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Five Metrics Standing in Your Way of Hiring Great Engineers

July 17, 2018
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The war to recruit the best engineers in the United States has been waging for years. There’s nothing wrong with healthy competition, but there is a problem — there aren’t enough quality prospects to fight over. Just to win a battle every now and then takes a monumental effort. Most startups don’t have a runway long enough to do recruiting right and for majority of them, building the right tech team is the difference between success and failure.

The following five facts highlight just how brutal and unsustainable the American recruiting battlefields are and why startups should look for alternative options.


By The Numbers: Recruiting Engineers

There are more than 500,000 open computer science jobs in the United States.

What do you do when supply doesn’t meet demand? Nothing screams competition like half a million open jobs. According to Jake Rogers, a technical recruiting consultant in the Bay Area and former Head of HR at Tenor, a company that was acquired by Google earlier this year, the effort that goes into recruiting engineers is elevated every day. “You have to reach out to engineers sooner, more often, and find a way to differentiate and stand out among all the noise by pitching better and getting their attention in innovative, authentic ways. Whichever way you’re doing it, it takes more time and research which requires tools and time that end up costing more… All this and we haven’t even begun to talk about their salaries.” Most startups don’t have hiring managers dedicated to engineering. So how are they supposed to keep up in the race, especially in ultra-competitive markets like LA, NYC, and the Bay Area? “It’s like you have to run 100 miles a minute just to get a few candidates to move an inch.” For startups, there doesn’t seem to be an effective flywheel; it’s unsustainable.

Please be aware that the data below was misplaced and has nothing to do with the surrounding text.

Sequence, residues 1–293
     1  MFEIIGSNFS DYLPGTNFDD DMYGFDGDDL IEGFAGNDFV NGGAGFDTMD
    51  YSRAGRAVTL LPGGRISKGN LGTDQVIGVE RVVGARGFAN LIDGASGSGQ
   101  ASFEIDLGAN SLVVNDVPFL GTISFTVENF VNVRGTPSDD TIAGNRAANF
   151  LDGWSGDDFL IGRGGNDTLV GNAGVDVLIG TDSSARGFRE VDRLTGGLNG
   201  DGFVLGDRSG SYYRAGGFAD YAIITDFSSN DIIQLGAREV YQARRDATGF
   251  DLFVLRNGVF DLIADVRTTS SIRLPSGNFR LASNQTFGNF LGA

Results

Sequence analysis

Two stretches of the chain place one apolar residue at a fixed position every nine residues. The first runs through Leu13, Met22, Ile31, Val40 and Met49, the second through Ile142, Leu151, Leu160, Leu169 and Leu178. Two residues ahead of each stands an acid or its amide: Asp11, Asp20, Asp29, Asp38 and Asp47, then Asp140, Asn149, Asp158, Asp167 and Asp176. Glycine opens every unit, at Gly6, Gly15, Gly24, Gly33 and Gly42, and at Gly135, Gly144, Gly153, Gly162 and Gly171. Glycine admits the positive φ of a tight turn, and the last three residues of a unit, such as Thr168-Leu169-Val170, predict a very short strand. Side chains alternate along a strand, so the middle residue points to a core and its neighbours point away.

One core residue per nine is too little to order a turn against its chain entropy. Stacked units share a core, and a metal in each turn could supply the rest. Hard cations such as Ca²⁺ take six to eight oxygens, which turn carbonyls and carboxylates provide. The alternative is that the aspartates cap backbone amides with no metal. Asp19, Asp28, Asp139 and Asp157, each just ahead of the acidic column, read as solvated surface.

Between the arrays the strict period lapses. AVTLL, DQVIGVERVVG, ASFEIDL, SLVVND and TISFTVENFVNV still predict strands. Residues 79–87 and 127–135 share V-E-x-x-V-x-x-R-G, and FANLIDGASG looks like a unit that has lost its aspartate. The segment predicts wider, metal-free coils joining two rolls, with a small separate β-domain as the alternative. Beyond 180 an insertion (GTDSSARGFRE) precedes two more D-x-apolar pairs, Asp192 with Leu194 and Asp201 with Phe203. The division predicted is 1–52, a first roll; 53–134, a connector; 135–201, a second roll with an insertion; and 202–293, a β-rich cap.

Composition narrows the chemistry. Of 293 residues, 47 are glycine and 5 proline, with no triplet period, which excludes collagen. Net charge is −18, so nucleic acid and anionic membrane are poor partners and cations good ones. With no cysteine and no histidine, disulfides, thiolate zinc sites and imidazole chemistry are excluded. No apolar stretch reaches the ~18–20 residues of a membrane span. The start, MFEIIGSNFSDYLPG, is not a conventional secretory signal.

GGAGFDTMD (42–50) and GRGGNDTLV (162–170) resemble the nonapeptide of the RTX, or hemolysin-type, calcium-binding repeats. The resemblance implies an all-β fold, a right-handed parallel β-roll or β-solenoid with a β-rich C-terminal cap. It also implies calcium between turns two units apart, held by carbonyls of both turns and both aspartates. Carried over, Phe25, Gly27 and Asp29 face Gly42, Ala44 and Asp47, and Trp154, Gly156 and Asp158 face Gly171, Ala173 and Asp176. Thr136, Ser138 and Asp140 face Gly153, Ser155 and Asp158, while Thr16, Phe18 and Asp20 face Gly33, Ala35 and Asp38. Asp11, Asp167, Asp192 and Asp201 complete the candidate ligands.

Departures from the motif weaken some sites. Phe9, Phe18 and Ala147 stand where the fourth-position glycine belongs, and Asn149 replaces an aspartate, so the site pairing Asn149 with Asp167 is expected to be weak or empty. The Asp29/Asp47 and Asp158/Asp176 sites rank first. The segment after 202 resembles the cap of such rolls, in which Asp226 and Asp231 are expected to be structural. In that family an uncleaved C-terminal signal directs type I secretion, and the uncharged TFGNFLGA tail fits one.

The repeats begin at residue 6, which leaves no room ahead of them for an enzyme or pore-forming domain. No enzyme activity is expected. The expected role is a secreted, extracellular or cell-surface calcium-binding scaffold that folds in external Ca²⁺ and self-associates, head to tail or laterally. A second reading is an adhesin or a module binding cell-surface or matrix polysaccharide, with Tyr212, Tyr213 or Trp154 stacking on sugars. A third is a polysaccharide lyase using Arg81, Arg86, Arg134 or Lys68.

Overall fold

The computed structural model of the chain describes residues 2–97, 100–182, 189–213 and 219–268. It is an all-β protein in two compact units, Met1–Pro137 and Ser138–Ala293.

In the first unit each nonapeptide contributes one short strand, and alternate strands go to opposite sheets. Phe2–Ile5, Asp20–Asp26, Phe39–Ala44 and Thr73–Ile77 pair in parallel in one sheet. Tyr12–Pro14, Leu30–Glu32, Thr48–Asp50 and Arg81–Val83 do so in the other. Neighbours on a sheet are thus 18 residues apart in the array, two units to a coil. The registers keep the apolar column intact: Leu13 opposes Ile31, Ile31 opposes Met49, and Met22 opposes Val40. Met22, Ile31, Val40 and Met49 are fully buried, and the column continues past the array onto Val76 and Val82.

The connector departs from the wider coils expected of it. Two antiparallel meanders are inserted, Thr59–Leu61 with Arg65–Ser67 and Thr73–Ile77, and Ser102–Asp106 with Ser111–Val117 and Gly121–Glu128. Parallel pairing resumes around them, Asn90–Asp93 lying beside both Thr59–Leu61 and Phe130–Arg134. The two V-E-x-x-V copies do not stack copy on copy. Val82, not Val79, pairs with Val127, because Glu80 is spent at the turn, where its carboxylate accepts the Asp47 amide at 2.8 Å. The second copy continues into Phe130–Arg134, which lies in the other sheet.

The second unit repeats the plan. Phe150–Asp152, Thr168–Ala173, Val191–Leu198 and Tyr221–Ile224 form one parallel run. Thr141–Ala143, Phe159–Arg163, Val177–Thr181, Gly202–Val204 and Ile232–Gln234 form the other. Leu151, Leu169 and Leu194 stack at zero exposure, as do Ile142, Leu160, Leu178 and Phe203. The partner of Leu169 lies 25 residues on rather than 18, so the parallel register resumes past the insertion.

Engineers take 40% longer to sign than any other position.

That includes referrals and other sourcing methods that typically cut down on the time-to-fill. On the flipside, 43% of engineers spend less than two hours a week searching for a job. So how long does it take? That leads to our next point…

It takes on average 58 days to sign, seal and deliver a software engineer.

Between 2010 and 2015, the time-to-hire for all tech roles increased by 53%. (It makes one wonder if recruiting tech stacks are helping or hurting the process). Over at Sequoia, Bryan Schreier says it takes 1,000 hours to hire a team of 12 engineers. And while most startups don’t look to hire 12 engineers right out of the gate, signing even four over a two month period would require 41 extra hours a week to get the job done right.